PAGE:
As one of the longer standing ‘silks’, it is entirely appropriate that I should publicly welcome my colleagues in private practice at the Bar on their elevation to the Inner Bar. It is first time since the honour has been given to so many at the same time.
However, one must be careful not to give the impression that lawyers are a special breed who have a double entitlement to national honours. The award of silk should be limited to practising advocates who have distinguished themselves at the bar and not for lawyers who, for example, have distinguished themselves in other areas of public service not connected with the law. For them there is always the system of national awards if they are deserving.
I limit my welcome to practising members of the Bar and leave it to others to welcome those members of the judiciary who have surprisingly given in to accepting a title which is usually handed back, not granted, on elevation to the bench. The fact that in the past a Chief Justice was able to persuade a former Prime Minister to deviate from protocol and award the Chief Justice ‘silk’ is really no excuse for participating in the same breach of protocol in 2011. It raises the question of why these worthy gentlemen were overlooked before their elevation to the Bench.
It used to be that a short but very dignified sitting of the High Court was convened by the Chief Justice for the purpose of welcoming new “silks”. Existing “silks” were invited to attend. The new “silks” in their new robes sat at the outer Bar or second row of tables. The Court sat and the new ‘silks’ were addressed by the Chief Justice — “Mr X , do you move,” — whereupon the person moved from the second row of tables to the front row reserved for “silks”. No further addresses took place.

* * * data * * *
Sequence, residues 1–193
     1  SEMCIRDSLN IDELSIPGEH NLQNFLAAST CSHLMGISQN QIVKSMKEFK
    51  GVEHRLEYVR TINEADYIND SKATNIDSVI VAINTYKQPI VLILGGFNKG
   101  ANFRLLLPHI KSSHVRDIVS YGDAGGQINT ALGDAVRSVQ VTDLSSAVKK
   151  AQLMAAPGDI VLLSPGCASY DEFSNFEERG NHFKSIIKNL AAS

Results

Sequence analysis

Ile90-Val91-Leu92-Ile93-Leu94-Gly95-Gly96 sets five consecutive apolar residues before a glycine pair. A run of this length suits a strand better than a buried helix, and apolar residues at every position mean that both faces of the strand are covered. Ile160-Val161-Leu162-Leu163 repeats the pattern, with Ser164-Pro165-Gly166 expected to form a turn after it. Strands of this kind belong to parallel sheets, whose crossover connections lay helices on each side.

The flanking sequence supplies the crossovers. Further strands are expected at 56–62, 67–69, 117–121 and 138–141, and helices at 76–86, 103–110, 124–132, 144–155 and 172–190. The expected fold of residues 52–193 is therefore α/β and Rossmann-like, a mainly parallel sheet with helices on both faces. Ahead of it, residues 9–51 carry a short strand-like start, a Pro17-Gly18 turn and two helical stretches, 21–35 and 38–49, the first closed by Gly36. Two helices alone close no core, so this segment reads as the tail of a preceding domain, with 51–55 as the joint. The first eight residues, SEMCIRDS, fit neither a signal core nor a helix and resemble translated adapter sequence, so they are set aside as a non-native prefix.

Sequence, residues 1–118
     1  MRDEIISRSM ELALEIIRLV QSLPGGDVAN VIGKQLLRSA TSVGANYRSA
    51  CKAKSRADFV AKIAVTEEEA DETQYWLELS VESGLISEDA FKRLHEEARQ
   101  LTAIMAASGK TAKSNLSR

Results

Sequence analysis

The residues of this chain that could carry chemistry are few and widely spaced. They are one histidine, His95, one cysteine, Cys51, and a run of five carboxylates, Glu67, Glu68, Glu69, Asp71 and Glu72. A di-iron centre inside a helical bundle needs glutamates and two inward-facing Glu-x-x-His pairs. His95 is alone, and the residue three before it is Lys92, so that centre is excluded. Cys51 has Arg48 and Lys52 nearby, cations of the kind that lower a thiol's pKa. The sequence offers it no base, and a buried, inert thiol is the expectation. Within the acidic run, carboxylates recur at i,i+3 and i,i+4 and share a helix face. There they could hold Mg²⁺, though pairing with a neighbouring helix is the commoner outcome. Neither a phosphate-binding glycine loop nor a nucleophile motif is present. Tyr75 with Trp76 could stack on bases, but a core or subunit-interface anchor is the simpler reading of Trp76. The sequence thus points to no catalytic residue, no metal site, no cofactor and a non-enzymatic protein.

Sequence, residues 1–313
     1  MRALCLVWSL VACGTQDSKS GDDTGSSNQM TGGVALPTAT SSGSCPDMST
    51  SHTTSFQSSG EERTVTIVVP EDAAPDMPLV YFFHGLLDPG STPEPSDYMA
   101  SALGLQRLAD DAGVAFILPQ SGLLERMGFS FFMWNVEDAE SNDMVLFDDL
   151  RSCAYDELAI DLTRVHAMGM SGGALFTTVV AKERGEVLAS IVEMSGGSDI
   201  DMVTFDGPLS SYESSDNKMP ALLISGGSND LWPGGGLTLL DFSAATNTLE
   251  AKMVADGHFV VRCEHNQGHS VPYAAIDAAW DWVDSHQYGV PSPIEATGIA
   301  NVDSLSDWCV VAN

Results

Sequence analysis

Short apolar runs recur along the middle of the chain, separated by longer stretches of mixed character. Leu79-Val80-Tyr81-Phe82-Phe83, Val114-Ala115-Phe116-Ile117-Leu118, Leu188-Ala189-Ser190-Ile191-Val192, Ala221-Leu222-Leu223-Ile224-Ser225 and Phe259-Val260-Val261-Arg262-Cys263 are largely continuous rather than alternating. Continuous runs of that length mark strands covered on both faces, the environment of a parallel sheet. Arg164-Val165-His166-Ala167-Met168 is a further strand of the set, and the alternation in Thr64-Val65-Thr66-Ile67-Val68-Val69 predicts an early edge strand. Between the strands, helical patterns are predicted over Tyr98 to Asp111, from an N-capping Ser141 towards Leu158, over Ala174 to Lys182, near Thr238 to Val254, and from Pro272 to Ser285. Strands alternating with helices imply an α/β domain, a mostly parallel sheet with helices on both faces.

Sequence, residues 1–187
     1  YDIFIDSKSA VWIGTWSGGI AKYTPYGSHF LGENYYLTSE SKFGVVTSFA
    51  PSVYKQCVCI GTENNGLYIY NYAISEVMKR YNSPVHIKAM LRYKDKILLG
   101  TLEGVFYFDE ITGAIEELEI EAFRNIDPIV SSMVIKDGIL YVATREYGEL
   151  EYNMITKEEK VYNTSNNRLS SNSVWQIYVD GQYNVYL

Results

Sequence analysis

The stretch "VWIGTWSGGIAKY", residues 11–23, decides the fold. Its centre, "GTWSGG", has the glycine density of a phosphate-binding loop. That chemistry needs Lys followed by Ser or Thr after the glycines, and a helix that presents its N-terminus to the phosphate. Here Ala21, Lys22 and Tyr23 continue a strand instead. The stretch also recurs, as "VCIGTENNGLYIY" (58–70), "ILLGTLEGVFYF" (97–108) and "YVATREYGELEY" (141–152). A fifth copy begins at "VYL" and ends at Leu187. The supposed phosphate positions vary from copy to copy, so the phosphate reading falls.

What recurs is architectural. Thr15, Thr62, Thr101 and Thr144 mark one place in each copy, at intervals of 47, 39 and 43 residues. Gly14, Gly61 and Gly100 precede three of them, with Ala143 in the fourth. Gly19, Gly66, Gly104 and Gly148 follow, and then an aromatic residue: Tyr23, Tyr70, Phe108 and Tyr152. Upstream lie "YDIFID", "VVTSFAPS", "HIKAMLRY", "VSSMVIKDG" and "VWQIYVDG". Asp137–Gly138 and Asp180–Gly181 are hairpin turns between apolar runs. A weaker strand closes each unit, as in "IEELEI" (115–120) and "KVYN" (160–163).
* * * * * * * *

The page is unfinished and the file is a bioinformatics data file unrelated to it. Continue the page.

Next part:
The Court rose and the new “silks” were welcomed by their colleagues. It is difficult to see how such a sitting could be held for a sitting Judge whose misguided vanity has persuaded him to accept silk.
It is only in the recent past that there was any deviation from the unwritten rule that “silk” was essentially for advocates and not for those practitioners who did not have audience or the right to appear and argue in the High Court. This rule effectively excluded solicitors who could only appear in the lower Courts. Since the profession has been merged and there is no longer the division between Barristers and Solicitors, all practitioners are eligible to take “silk”.
However it is still thought by the more discerning that the honour should be reserved for advocates particularly those who defend the liberty and the rights of the citizen in the High Court or the Court of Appeal — not as judges but as advocates. “Silk” has also been given honoris causa to academics who have contributed significantly to legal learning.
The award of “silk” carried considerable prestige but also certain unwritten protocols and conventions. These had a salutary and self policing role on those intrepid enough to apply for the honour. “Silk” was expected to appear at all times with a junior who, if a sole junior, was entitled to be paid a fee equal to 2/3rd that of “silk”.
Those whose vanity exceeded their ability have been known to go without work, not being able to persuade litigants that they were so good that the client should pay for both “silk” and junior.
Perhaps the time has arrived for the profession to have an open discussion on the procedures to be followed and the criteria for the award of the honour. This would insulate the executive from any possible accusation of political patronage in the sharing of the awards.